Investigating the psychological and socio-economical ramifications of Khat on its users and the consequent repercussions on their communities. The study aimed to examine the prevalence of Khat usage in East African and Yemeni communities in the United Kingdom, explore the association between Khat use and psychotic symptoms, and survey the general views of communities in question, regarding the socio-economic, legal, and biological aspects of Khat.
The Author carried out this project as part of a Special Study Module in Substance Misuse and Mental illness during his second year of medical school. A thorough literature review was undertaken along with a questionnaire that was distributed amongst the Somali community in Streatham, London.
Participants were asked to answer specific questions from a range of Strongly Disagreeing to Strongly Agreeing with the statement. From the 62 individuals surveyed 79% of the total sample were born in Somalia, and 15% in the United Kingdom. Participants answered several questions regarding their attitudes to Khat, some addressed Cultural aspects of Khat, reasons for using it, and beliefs regarding Khat’s effects on their Health, Family and Job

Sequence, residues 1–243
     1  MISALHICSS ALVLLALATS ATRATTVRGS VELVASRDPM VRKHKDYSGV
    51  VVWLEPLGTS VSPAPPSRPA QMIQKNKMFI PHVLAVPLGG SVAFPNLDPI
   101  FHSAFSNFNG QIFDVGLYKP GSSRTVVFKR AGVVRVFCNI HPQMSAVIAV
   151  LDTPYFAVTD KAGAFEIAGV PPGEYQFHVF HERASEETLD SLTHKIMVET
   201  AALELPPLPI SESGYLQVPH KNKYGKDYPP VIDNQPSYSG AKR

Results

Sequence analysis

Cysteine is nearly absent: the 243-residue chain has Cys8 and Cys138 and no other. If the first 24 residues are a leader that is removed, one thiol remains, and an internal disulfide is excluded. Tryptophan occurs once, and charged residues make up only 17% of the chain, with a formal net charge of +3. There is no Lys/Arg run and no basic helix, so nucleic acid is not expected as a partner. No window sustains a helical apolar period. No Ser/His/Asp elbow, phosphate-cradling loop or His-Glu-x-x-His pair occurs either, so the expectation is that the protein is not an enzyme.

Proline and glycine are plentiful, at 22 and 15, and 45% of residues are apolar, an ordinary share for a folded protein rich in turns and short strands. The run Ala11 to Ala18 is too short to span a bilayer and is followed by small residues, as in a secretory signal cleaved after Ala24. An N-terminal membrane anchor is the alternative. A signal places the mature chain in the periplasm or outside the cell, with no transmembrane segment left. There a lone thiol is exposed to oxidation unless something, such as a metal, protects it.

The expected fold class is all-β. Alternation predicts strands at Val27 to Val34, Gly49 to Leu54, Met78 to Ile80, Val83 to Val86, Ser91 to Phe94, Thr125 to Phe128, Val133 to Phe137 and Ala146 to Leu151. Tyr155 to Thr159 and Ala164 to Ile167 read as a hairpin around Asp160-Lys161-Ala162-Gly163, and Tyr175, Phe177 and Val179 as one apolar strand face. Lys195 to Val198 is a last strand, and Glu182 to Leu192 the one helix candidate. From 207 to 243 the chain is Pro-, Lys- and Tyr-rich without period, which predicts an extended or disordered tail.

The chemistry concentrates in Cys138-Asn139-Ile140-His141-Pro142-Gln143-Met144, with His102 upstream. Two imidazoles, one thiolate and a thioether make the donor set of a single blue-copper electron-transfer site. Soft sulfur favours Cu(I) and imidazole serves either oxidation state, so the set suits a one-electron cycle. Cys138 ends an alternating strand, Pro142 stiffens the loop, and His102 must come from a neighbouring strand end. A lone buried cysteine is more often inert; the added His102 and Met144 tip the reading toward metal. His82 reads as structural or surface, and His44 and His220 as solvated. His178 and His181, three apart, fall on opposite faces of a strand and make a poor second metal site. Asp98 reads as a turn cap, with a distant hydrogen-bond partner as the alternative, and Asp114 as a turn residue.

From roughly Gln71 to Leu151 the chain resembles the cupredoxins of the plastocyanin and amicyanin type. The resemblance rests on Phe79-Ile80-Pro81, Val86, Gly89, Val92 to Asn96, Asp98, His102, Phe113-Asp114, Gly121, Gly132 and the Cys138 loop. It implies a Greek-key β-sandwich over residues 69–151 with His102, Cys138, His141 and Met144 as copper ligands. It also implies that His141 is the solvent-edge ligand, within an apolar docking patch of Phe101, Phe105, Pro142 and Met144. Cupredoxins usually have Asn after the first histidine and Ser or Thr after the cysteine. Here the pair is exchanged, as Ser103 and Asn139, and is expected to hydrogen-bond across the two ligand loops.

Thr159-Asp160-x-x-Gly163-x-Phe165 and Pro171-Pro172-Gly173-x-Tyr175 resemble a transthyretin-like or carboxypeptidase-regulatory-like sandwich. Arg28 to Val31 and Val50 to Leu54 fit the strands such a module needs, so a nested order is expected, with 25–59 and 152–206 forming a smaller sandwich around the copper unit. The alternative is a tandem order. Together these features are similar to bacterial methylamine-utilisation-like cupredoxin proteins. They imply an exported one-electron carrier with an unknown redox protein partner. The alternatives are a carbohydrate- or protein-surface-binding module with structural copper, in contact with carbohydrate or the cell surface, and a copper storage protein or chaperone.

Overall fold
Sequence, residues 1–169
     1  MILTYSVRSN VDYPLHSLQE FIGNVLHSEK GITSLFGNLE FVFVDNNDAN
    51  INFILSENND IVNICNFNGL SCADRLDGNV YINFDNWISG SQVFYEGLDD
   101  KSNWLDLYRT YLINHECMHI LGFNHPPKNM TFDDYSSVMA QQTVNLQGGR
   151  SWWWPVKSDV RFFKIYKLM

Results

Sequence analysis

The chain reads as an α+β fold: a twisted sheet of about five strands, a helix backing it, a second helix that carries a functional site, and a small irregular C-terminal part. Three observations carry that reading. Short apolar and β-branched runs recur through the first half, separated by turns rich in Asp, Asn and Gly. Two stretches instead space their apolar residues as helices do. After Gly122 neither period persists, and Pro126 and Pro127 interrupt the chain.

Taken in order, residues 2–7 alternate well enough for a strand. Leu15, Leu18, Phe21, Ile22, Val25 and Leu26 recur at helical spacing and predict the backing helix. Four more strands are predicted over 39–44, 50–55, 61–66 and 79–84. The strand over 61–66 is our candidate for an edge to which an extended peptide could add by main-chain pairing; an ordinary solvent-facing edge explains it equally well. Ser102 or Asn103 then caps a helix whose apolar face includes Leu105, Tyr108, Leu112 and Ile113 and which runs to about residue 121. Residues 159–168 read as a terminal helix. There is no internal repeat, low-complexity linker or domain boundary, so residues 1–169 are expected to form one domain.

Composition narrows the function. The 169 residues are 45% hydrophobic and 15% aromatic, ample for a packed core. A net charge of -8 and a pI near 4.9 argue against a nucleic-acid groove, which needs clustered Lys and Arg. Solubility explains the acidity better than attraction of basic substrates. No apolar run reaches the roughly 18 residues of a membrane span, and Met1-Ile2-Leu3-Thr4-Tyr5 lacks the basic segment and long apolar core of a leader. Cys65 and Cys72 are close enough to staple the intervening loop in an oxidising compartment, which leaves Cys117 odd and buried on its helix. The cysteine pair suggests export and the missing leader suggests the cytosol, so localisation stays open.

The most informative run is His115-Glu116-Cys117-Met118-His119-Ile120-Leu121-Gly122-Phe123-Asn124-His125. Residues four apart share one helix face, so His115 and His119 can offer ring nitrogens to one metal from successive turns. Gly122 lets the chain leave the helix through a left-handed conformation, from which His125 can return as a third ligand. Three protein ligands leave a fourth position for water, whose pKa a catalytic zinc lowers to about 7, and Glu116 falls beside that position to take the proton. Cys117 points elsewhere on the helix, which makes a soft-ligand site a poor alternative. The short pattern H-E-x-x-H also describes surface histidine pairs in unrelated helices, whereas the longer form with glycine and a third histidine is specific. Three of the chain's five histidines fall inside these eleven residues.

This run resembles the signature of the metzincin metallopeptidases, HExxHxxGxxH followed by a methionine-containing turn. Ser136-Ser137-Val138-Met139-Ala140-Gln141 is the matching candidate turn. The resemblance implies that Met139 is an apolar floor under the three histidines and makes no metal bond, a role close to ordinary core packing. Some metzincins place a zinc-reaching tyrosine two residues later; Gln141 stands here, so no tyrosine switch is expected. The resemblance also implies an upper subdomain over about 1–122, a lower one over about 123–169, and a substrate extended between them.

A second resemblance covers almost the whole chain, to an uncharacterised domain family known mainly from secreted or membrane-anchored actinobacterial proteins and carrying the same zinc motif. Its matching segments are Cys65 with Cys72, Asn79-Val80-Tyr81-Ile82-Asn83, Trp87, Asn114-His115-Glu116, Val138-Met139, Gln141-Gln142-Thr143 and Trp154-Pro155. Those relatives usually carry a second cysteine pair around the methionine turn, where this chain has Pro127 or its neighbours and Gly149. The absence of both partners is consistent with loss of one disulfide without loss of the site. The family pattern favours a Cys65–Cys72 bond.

It can be deduced that the harmful psychological, physiological, and social effects of Khat are limited to specific ethnic communities in the United Kingdom. Although Khat’s use is exclusive to specific people, it still poses a great burden on not just the users, but on their communities as a whole. Khat’s availability and legality has further exacerbated the problem and has consumed their lives and affected their families and will inevitably affect the society as a whole.